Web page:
Why do giraffes have spots? It is hard to imagine that they would serve as camouflage for such large animals. But it is true: From afar, giraffes look like a big tree.
Despite the camouflage spots in their fur, giraffes do not always remain undetected by predators. But they know to defend themselves and can kick really hard with their front hooves. They mainly do this if they want to protect their young, because the adult animals are normally rarely attacked. Anyone who has the opportunity to look at giraffes from close up can easily distinguish the females from the males. They are somewhat smaller and have thin horns with a small tuft of fur on top. Giraffe bulls, in contrast, have thick horns with no fur on top.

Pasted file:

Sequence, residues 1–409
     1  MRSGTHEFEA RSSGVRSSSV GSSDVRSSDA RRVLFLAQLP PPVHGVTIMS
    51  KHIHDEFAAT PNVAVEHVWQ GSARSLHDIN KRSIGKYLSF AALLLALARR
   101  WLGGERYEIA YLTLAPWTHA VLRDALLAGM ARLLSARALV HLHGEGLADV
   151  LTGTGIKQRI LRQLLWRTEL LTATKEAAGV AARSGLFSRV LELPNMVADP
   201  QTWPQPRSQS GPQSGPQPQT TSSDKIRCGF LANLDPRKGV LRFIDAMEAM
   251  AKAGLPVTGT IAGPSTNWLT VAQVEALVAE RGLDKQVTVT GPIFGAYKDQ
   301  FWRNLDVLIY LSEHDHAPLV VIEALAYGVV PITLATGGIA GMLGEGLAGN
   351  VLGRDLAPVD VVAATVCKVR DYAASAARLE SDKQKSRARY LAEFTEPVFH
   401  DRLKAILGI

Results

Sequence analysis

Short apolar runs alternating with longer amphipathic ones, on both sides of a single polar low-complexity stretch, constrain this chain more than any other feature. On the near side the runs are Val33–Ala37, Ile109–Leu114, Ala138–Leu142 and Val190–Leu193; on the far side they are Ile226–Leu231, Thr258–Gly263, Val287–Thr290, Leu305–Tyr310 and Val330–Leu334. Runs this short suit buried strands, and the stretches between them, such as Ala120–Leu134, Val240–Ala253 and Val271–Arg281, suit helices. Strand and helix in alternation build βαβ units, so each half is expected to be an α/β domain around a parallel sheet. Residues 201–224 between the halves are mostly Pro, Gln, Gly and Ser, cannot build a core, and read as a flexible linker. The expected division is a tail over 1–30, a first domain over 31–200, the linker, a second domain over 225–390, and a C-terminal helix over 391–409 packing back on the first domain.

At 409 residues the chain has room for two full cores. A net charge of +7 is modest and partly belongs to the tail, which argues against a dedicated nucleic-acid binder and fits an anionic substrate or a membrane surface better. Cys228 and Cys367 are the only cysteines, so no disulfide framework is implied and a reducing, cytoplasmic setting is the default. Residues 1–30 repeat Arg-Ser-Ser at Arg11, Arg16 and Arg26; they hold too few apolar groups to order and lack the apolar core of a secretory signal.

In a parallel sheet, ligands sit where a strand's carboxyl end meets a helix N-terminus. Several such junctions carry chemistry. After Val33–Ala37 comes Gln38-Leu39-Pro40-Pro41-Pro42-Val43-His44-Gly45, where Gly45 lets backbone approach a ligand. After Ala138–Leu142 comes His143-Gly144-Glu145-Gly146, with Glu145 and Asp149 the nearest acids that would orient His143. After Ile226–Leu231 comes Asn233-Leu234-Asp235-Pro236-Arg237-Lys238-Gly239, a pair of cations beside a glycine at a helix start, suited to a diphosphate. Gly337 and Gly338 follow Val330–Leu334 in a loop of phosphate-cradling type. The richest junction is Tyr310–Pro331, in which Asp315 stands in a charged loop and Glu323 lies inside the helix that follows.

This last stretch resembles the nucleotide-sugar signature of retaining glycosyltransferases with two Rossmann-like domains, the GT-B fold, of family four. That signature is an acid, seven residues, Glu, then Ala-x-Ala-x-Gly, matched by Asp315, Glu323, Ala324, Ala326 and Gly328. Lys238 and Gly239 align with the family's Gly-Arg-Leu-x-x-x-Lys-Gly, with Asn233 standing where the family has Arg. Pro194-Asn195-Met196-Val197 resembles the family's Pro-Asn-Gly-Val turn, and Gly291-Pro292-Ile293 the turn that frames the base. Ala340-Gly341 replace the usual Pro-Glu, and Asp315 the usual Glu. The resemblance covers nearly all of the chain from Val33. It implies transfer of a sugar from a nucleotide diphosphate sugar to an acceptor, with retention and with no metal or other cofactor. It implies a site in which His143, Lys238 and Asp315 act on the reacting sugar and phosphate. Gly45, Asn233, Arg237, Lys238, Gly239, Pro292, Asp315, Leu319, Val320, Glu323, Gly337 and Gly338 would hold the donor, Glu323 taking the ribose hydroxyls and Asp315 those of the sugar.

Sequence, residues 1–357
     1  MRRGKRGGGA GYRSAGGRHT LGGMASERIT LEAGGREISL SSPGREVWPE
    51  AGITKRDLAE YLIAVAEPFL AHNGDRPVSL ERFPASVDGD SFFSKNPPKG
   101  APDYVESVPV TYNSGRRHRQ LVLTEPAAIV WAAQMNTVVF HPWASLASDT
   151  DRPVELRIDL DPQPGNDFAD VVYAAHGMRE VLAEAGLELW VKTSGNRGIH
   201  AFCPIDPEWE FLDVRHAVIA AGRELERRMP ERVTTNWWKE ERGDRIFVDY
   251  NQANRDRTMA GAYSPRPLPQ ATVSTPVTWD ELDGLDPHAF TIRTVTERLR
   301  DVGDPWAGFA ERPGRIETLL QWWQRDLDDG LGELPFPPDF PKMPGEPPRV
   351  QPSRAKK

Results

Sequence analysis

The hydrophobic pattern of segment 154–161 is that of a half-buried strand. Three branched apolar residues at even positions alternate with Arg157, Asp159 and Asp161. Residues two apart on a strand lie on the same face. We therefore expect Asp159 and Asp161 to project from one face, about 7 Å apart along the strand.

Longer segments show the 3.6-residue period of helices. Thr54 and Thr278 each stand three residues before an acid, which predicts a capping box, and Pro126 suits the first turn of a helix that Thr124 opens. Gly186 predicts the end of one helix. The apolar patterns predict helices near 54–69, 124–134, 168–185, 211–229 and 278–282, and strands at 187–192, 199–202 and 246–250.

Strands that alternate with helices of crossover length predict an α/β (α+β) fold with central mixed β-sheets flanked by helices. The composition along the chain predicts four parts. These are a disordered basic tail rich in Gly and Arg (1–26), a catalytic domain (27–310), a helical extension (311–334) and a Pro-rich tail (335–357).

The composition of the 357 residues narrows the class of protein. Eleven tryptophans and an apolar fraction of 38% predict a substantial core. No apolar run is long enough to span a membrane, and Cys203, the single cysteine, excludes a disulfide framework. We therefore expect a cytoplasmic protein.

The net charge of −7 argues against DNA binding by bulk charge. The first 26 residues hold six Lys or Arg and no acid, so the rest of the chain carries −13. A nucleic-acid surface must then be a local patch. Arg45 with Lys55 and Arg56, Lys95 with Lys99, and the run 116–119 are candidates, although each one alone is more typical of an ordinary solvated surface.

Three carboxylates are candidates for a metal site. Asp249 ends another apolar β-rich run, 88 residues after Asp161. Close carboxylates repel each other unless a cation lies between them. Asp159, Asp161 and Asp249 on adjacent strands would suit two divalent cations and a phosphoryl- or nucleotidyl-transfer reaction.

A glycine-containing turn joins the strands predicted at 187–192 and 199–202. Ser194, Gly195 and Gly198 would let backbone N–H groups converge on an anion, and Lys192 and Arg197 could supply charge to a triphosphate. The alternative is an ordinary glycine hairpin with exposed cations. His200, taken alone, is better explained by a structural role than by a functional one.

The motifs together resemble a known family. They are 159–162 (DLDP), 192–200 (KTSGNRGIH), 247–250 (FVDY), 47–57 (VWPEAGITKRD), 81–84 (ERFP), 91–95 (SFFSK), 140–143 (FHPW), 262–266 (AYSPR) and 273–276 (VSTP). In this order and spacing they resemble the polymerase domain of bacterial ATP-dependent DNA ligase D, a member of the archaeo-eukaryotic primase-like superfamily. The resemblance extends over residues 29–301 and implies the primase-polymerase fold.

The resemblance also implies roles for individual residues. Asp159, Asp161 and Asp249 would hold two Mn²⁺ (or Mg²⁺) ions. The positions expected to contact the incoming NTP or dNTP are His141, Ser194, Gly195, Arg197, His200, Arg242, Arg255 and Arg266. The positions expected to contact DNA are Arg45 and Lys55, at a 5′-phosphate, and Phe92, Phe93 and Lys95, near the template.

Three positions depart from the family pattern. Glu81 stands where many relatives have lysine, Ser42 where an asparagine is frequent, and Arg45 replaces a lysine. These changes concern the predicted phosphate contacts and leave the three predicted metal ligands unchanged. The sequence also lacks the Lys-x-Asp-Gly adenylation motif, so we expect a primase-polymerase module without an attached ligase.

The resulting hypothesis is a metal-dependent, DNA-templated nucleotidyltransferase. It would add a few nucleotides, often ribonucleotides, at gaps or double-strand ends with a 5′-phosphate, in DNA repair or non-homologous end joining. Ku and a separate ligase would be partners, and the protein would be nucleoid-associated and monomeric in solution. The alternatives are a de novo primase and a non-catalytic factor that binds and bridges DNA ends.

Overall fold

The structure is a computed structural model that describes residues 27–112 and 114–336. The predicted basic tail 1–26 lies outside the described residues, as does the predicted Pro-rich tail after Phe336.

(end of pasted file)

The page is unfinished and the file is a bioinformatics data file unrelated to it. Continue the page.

Baby giraffes are reared together with other young animals in a kind of kindergarten. A female giraffe from the herd acts as the "nursery school teacher" and looks after the calves while the other mothers search for food. If predators approach, she immediately raises the alarm. Then the female giraffes stand protectively in front of their babies and kick at the attackers. At around four months, they start to pluck and eat the small leaves from trees, but they still suckle from their mothers until they are ninth months.
Fun fact: A healthy, adult giraffe can kill a lion with a single, hefty kick.
Newborn baby giraffes are already 180 centimetres tall – as big as a grown man.
Female Dimensions: 3.5 x 1.7 x 6.8 inch (W x D x H)